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By Sara Hansard
Nov. 22 — Republicans’ repeal-replace plan for the Affordable Care Act may include providing individuals with federal subsidies to buy health insurance outside public exchanges and allowing states to keep their own public exchanges.
That’s the assessment of health-care policy professionals who spoke to Bloomberg BNA about what the exchanges may look like post-ACA.
President-elect Donald Trump and fellow Republicans in Congress aren’t yet focusing on the exchanges as they ponder how to keep their pledge of repealing and replacing the health-care law enacted in 2010. But it will be crucial to resolve how to provide coverage to the millions of people who have enrolled through the exchanges and come up with a financially viable way for health insurers to offer nongroup plans.
The 2017 open season is underway, and the Department of Health and Human Services forecasts that 13.8 million people will enroll through the exchanges, about 85 percent of whom will be eligible for ACA subsidies.
Exchanges themselves are a good way to structure the nongroup, or individual, health insurance market, Gail Wilensky told Bloomberg BNA. Wilensky is an economist and senior fellow at Project HOPE, a humanitarian assistance group, and she was administrator of the agency that preceded the Centers for Medicare & Medicaid Services from 1990-1992 under President George H.W. Bush.
“It’s really a question of how tightly regulated they are and what kinds of plans can participate, and who runs the exchanges,” Wilensky said.
The ACA exchanges are tightly regulated, requiring health plans to offer a comprehensive range of so-called essential health benefits; submit their rates for review by federal and state regulators; and limit how much premiums can vary based on factors such as age and gender.
An alternative model for health insurance exchanges could be the Federal Employees Health Benefits Program (FEHB), Wilensky said. The FEHB, which offers a wide range of health plans to federal employees, is operated by the Office of Personnel Management without statutory or regulatory mandates, she said.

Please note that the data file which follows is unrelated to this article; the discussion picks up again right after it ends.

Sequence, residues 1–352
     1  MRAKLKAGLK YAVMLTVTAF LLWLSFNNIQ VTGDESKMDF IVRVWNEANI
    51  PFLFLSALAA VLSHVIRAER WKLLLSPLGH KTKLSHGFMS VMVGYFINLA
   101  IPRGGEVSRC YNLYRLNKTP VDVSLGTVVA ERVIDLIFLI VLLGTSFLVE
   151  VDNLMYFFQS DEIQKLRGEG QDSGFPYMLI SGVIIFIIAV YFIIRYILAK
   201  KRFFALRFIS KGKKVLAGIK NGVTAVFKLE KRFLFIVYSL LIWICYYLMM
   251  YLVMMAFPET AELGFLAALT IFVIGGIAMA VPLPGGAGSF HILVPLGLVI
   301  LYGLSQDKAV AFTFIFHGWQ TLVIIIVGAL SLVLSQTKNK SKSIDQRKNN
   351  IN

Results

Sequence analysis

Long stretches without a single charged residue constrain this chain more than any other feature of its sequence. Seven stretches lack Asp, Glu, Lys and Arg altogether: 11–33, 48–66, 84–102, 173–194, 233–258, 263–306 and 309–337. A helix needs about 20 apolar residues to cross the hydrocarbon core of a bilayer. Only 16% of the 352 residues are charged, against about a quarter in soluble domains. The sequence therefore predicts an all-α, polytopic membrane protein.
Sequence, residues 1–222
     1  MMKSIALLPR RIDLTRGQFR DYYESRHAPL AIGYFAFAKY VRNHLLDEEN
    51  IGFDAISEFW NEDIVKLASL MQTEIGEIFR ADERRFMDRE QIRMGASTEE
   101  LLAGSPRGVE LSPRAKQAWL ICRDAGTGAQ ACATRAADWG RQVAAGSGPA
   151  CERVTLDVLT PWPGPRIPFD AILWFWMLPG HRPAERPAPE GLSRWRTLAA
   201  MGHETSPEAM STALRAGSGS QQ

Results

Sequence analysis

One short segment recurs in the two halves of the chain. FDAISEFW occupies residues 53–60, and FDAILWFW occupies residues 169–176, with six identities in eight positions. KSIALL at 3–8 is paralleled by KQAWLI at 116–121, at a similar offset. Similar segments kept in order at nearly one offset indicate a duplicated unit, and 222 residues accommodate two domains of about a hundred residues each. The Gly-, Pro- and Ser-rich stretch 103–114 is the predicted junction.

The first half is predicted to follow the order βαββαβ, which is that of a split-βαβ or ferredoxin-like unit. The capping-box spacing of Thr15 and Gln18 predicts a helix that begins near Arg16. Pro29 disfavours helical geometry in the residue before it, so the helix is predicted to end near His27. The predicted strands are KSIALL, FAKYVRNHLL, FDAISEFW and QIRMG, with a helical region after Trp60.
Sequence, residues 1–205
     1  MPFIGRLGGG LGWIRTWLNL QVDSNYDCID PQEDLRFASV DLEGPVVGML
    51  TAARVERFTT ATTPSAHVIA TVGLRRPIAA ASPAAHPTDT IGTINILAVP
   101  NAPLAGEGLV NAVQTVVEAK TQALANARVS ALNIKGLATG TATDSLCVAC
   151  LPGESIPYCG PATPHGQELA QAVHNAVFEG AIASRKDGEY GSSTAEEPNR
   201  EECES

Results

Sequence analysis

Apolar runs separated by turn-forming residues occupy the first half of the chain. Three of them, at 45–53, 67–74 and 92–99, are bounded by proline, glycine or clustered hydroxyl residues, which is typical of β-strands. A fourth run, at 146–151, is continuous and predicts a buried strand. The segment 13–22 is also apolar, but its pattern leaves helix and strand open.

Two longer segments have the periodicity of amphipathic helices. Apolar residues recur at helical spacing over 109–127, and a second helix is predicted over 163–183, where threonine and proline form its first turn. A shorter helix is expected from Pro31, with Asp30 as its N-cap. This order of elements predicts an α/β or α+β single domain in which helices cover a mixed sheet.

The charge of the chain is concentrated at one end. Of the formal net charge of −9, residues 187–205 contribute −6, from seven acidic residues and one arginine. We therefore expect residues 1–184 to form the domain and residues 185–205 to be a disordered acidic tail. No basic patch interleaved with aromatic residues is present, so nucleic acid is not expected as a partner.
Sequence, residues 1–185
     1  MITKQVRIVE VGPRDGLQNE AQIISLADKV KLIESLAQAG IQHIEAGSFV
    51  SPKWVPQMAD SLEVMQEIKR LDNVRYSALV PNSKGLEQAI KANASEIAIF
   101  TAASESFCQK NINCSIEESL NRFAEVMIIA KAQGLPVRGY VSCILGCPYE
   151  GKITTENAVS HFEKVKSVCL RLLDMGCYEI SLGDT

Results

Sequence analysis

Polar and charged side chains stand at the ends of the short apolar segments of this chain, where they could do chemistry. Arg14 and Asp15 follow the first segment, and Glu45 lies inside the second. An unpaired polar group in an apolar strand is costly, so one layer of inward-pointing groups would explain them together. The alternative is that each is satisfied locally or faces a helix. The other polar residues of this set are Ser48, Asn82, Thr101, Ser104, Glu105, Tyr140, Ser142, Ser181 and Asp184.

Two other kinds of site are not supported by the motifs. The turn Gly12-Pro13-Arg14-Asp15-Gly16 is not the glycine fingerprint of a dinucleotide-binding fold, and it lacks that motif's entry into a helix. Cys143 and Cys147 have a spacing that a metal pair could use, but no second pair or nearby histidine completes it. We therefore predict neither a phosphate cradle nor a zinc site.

“The OPM does some jaw-boning with plans if they think they’re coming in and benefits and premiums don’t seem to match,” Wilensky said. “It’s quite actively managed without it being a matter of statute or regulations.”
Premiums for benchmark plans in the ACA exchanges, on which federal subsidies are based, are rising an average of 22 percent in 2017 before subsidies are taken into account, the HHS has reported.
In addition, many major issuers, such as UnitedHealth Group Inc., Aetna Inc. and Humana Inc., are scaling back their involvement in the exchanges due to heavy losses, leaving about 19 percent of enrollees with only a single insurer. That’s an increase of 2 million people from 2016, when 303,000 enrollees had just a single insurer option, Kaiser Family Foundation reported.
Industrywide profit margins have continued to deteriorate through the three years the exchanges have been in existence, according to Erica Hutchins Coe, a partner in the Atlanta office of management consulting firm McKinsey & Co. Coe. She spoke during a webinar on the exchanges sponsored by the National Institute for Health Care Management Foundation.
The industrywide margin for exchange plans dropped from a loss of 5 percent in 2014 to a loss of 9 percent to 11 percent in 2015, and losses are continuing through 2016, Coe said. Close to 30 percent of exchange plans in 2014 and close to 25 percent of carriers in 2015 were profitable, she said.
Exchange insurers’ troubles were further confirmed in a memo released Nov. 18 by the CMS verifying earlier guidance that no funds will be available for ACA risk corridor payments for 2015. The risk corridors program, which ends after 2016, was intended to protect exchange plan insurers against high claims costs, but not enough money was collected from profitable insurers to make the payments.
Insurers that are doing well in the exchanges have adapted their plans for the exchange markets.